Among the questions that we may ask on this Feast day—especially immediately following Easter-Pentecost, is this: How does one experience Christ, and how does one experience the Holy Spirit? Is it one and the same experience, because God is one and simple?
God is utterly simple, but we are not. In our movement into God, we are drawn by God in various ways. Christians—men and women in faith-union with Jesus Christ—have realized at least since the death and Resurrection of Christ that Jesus still speaks His word to the faithful (in scripture, in church teaching, in the living magisterium, in members of His body, in daily events, and so on); and we have understood that Christ’s love for us individually and as his mystical Body is real, personal, intense, life-giving. A believer in Christ experiences both Christ’s love and his wisdom in many and various ways. If he does not, he should at least begin to wonder, “Do I really have faith at all? Is my faith enlivened by love, or just more or less empty belief?” Faith living by love brings us into a real union with Christ, and that includes with his word (wisdom, teaching), and his love (fully and publicly demonstrated on the cross).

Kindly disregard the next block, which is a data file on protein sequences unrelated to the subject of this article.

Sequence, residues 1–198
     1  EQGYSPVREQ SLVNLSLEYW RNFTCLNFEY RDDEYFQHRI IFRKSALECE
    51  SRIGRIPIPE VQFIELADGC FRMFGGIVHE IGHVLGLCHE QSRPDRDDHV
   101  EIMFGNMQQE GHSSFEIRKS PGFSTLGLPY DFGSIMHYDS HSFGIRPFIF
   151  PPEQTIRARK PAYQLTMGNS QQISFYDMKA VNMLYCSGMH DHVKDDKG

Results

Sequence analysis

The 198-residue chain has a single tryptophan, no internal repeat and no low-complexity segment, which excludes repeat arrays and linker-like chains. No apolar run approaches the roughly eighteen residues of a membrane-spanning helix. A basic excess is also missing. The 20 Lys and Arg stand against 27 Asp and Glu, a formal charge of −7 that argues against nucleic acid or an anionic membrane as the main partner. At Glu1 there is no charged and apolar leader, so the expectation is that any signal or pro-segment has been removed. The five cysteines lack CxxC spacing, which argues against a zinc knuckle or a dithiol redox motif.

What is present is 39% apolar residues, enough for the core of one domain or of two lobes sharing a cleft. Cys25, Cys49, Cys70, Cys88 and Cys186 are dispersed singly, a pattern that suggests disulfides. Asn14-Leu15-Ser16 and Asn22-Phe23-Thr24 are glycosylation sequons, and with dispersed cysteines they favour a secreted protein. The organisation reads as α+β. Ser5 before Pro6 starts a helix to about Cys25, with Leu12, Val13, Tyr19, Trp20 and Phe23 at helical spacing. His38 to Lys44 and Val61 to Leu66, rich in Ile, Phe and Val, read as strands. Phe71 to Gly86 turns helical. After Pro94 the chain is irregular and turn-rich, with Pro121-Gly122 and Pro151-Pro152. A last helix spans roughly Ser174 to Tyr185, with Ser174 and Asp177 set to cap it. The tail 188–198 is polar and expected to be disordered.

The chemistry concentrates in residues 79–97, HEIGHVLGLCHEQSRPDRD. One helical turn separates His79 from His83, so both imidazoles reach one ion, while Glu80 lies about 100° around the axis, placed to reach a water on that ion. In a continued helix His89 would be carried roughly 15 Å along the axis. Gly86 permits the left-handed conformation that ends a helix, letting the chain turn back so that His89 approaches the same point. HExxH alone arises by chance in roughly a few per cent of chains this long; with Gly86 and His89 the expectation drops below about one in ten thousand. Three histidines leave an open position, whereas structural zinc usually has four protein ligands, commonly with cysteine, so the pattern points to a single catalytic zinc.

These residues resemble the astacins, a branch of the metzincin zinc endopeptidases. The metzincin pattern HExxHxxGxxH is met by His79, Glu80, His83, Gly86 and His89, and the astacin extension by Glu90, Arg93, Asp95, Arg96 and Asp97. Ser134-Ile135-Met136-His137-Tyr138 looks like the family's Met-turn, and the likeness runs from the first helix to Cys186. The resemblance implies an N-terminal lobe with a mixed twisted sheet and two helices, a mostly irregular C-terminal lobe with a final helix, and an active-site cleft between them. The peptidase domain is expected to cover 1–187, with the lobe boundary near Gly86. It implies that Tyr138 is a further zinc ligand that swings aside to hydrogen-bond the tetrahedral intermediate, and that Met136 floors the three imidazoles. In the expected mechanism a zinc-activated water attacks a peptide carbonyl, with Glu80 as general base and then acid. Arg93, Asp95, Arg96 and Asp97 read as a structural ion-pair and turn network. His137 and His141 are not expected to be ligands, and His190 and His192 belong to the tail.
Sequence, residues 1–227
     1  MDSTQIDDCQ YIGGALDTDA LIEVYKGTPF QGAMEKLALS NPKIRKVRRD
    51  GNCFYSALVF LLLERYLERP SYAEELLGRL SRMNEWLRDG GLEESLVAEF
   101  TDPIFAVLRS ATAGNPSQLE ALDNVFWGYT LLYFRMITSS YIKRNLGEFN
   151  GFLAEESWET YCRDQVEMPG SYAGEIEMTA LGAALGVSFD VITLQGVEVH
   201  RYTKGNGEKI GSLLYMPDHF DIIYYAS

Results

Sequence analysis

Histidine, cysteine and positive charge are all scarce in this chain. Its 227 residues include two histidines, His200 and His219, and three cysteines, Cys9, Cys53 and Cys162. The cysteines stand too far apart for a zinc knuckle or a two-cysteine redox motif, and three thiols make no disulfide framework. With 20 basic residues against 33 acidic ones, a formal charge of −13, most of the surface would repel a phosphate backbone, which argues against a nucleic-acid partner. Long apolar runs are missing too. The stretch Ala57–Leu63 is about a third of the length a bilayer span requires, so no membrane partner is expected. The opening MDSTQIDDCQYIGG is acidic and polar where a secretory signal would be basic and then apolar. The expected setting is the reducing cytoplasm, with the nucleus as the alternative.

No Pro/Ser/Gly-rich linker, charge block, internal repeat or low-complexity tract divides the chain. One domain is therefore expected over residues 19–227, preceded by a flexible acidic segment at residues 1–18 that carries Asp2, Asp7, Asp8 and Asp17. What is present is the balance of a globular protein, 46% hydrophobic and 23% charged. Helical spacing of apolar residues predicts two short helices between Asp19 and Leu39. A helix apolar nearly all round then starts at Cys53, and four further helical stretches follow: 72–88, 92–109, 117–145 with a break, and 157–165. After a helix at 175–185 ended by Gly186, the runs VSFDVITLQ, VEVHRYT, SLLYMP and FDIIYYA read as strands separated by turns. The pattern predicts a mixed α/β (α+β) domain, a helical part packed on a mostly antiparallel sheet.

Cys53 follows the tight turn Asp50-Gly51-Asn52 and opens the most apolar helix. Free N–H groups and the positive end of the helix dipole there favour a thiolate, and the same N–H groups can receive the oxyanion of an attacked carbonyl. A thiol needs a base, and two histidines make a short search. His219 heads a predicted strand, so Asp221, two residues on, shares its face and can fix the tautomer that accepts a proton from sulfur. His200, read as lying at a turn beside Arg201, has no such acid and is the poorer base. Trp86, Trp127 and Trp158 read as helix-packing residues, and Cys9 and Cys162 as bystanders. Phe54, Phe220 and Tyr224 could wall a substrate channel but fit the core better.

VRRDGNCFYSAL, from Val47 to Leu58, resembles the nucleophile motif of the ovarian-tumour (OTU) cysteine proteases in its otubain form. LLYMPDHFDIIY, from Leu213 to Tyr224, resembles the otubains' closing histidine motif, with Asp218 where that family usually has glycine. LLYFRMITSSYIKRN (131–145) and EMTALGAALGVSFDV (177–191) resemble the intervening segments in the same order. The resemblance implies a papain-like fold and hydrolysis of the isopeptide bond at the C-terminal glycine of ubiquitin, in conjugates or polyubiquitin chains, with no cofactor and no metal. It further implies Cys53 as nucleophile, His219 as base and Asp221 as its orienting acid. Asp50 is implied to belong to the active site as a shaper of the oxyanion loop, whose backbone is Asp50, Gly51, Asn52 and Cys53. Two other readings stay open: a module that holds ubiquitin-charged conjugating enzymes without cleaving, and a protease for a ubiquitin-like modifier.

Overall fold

Does the believer also experience the Holy Spirit? If so, how is the Spirit’s presence distinct from the awareness of Christ dwelling in the heart of the believer? Nearly forty years ago, while studying St. Paul’s letter to Christians in Rome, chapter 8 (especially verses 9-11), I observed how the Apostle, so gifted by spiritual experiences, interchanges his names for divine Presence in the believer: “Christ,” “the Spirit of Christ,” “the Spirit of God,” “Spirit.” The Apostle can variously name the Divine power indwelling the heart or mind of the believer. It does not matter, in reality, whether one calls the indwelling Presence “Christ” or “Spirit of Christ,” and so on. What matters is the awareness of this divine Presence, its life-giving effects, and one’s personal “living by the Spirit” by “putting to death” actions contrary to God (“deeds of the flesh”).
For the most part, however, Christian faithful have used the term “Holy Spirit” to name God experienced as love, joy, peace, the power of self-control, forgiveness, enlightenment, wisdom, understanding, and so on. When speaking of divine Presence as personal, heart-to-heart, "I living in you, yo living in me," Christians have more often spoken of the presence of Christ Jesus. "Christ" names God as personal: "I love you". "You are mine." The "Holy Spirit"names the same God experienced by impersonal effects, especially love, joy, and peace.
God is One, and ever beyond our understanding, yet always present to each one who will but attend.